She spends her time watching TV, doing arts and crafts or practicing the piano.She learned to spell by e-mailing with friends; she uses math concepts while cooking dinner."And I think that all young people are that capable ...if you don't tell them they can't or they're not allowed, they surprise us in a lot of ways." Ricci is professor of alternative learning at Nipissing University and an advocate of unschooling, a concept that's gaining popularity in both Canada and the United States thanks to frustration with the current public education system.It's like heading toward a cliff." Sadofsky remembers the terror she and her husband felt after deciding to enroll their children in the Sudbury Valley School in Framingham, Massachusetts.It was 1968 and her son was unhappy with the rules in his first grade class.The only rules are set by the student body and can be changed by a majority.The overlying theme -- respect for yourself, others and the property -- is taken more seriously, students say, because you're judged by your peers instead of an authority figure.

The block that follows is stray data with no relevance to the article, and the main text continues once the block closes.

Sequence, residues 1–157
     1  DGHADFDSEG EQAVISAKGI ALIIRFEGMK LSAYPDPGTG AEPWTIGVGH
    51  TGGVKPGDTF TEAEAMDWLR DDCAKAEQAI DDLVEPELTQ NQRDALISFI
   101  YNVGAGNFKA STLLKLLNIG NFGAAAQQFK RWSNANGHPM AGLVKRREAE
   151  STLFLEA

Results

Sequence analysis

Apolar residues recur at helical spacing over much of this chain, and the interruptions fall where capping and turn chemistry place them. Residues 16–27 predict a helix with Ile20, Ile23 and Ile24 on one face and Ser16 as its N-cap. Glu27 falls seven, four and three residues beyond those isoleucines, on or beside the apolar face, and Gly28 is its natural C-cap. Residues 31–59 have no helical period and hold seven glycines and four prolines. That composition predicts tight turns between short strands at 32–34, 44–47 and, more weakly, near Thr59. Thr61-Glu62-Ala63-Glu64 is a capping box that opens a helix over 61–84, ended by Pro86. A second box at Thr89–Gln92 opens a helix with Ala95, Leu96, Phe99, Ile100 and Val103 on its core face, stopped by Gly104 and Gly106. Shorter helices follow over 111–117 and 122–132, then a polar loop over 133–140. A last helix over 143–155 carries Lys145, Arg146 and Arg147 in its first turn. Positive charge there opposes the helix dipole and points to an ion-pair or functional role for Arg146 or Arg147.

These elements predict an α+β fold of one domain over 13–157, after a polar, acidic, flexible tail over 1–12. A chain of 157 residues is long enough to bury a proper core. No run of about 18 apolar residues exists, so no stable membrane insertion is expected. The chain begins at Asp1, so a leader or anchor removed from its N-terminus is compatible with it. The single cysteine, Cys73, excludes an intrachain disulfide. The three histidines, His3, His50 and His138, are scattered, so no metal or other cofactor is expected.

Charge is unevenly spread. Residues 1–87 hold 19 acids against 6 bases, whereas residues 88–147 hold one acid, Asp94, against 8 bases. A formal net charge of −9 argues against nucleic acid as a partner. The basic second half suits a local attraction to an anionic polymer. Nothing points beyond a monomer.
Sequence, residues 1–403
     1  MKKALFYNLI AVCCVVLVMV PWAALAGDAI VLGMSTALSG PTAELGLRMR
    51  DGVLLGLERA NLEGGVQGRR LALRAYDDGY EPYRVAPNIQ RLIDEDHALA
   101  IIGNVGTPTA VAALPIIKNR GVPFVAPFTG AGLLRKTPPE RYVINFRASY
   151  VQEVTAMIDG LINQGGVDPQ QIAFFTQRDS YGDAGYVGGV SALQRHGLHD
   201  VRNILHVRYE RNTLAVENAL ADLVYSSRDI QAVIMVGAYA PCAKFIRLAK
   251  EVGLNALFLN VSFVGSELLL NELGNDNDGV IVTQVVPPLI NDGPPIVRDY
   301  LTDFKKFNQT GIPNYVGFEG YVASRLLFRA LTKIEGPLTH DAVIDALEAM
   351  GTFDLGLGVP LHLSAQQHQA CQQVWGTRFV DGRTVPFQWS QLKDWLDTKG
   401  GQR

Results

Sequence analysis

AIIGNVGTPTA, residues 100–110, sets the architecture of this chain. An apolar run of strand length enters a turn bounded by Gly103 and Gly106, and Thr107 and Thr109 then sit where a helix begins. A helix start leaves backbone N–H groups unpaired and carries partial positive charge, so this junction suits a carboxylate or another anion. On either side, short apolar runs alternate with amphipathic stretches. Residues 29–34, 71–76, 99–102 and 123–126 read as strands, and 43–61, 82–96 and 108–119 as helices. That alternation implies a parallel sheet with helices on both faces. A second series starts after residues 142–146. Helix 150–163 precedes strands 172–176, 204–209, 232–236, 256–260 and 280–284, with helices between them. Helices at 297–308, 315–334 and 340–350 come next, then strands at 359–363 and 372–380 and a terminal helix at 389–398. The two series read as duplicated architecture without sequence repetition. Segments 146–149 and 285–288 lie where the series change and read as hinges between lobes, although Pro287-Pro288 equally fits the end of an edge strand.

"Not that they know everything, but they know how to find what they need." Sudbury schools are democratically run, meaning every student and employee has one vote, whatever their age."I would say we could stand, and would probably do better, with less structure in education...the flip side of that though is that there has to be a middle ground," Schlozman said."I think our education system as a whole is, to me, in a very delicate and precarious place," Sudbury Valley staff member Mimsy Sadofsky said."It keeps trying to do what it can't do, which is make every child learn everything in the whole wide world.